He arranged to farm corn and oats on part of the Alden farm where his father lived in Kingsbury. He built a fine reputation as a fiddler and was in high demand to play for dances in surrounding villages. The couple had become prosperous due to the income Anne received as a cook and that Northup made farming and playing the violin.
The couple moved to Saratoga Springs in March 1834, where he drove a horse-drawn taxi for a businessman, and during the tourist season he worked for the United States Hotel, where he was employed by Judge James M. Marvin, a part-owner of the hotel. He played his violin at several well-known hotels in Saratoga Springs. He also worked on the construction of the Troy and Saratoga Railroad. He had become a regular customer and friend of William Perry and Cephus Parker, who owned several shops in town. Over the seven years that the Northups lived in Saratoga Springs, they had been able to make ends meet and dress their children in fine clothes, but they had been unable to prosper as hoped.
In March 1841, Anne went 20 miles to Sandy Hill where she ran the kitchen at Sherrill's Coffee House during the session of the court. She may have taken their oldest daughter Elizabeth with her. Their two youngest children went to stay with their aunt. Northup stayed in Saratoga Springs to look for employment until the tourist season.
Kidnapped and sold into slaveryEdit
In 1841, at age 32, Northup met two men, who introduced themselves as Merrill Brown and Abram Hamilton. Saying they were entertainers, members of a circus company, they offered him a job as a fiddler for several performances in New York City. Expecting the trip to be brief, Northup did not notify Anne, who was working in Sandy Hill. When they reached New York City, the men persuaded Northup to continue with them for a gig with their circus in Washington, D.C., offering him a generous wage and the cost of his return trip home. They stopped so that he could get a copy of his "free papers", which documented his status as a free man.
The city had one of the nation's largest slave markets, and slave catchers were not above kidnapping free black people. At this time, 20 years before the Civil War, the expansion of cotton cultivation in the Deep South had led to a continuing high demand for healthy slaves. Kidnappers used a variety of means, from forced abduction to deceit, and frequently abducted children, who were easier to control.
It is possible that "Brown" and "Hamilton" incapacitated Northup – his symptoms suggest that he was drugged with belladonna or laudanum, or with a mixture of both – and sold him to Washington slave trader James H. Birch[i] for $650, claiming that he was a fugitive slave. However, Northup stated in his account of the ordeal in Twelve Years a Slave in Chapter II, "[w]hether they were accessory to my misfortunes – subtle and inhuman monsters in the shape of men – designedly luring me away from home and family, and liberty, for the sake of gold – those who read these pages will have the same means of determining as myself." Birch and Ebenezer Radburn, his jailer, severely beat Northup to stop him from saying he was a free man. Birch then wrongfully presented Northup as a slave from Georgia. Northup was held in the slave pen of trader William Williams, close to the United States Capitol. Birch shipped Northup and other slaves by sea to New Orleans, in what was called the coastwise slave trade, where Birch's partner Theophilus Freeman would sell them. During the voyage, Northup and the other slaves caught smallpox.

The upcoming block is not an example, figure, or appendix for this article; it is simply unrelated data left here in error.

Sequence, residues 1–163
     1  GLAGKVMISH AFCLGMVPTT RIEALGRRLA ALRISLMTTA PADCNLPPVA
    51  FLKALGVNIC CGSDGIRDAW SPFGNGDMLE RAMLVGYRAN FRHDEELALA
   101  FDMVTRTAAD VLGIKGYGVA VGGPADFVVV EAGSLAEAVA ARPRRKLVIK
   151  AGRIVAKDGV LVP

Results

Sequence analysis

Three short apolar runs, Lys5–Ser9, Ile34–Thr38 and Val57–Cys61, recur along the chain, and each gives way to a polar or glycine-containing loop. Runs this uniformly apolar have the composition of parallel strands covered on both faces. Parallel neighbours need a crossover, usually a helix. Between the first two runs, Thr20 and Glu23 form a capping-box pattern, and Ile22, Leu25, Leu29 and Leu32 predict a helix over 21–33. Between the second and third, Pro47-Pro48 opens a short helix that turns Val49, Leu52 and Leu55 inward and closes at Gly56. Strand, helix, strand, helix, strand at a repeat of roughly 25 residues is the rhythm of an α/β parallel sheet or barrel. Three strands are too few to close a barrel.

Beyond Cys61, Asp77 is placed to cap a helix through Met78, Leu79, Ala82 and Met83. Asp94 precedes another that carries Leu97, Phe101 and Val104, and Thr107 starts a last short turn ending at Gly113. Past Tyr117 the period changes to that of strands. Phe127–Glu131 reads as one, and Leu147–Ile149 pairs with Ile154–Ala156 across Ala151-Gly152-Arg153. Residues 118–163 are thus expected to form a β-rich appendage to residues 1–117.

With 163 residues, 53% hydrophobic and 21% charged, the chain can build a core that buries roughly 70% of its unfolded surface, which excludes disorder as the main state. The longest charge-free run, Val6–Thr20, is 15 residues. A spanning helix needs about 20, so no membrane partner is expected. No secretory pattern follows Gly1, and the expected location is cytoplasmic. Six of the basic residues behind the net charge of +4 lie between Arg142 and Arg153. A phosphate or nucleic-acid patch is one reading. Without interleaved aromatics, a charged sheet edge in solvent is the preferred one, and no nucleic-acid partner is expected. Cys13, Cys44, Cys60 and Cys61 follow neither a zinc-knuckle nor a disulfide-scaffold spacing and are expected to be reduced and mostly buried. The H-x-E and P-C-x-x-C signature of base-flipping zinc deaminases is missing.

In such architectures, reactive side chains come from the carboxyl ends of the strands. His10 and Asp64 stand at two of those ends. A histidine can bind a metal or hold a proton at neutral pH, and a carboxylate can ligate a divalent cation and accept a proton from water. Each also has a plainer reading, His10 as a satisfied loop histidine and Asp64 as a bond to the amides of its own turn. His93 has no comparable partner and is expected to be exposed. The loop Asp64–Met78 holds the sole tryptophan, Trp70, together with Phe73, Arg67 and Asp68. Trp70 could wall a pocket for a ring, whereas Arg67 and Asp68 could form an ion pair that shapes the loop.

Northup persuaded John Manning, an English sailor, to send to Henry B. Northup, upon reaching New Orleans, a letter that told of his kidnapping and illegal enslavement.[j] Henry was a lawyer, was related to Henry Northrop who had held and freed Solomon's father, and a childhood friend of Solomon's. The letter was delivered to Governor Seward by Henry, but it was not actionable because Northup's location was unknown.
The New York State Legislature had passed a law in 1840 that made it illegal to entice or kidnap an African-American out of New York and sell them into slavery. It provided legal and financial assistance to aid the recovery of any who were kidnapped and taken out of state and illegally enslaved.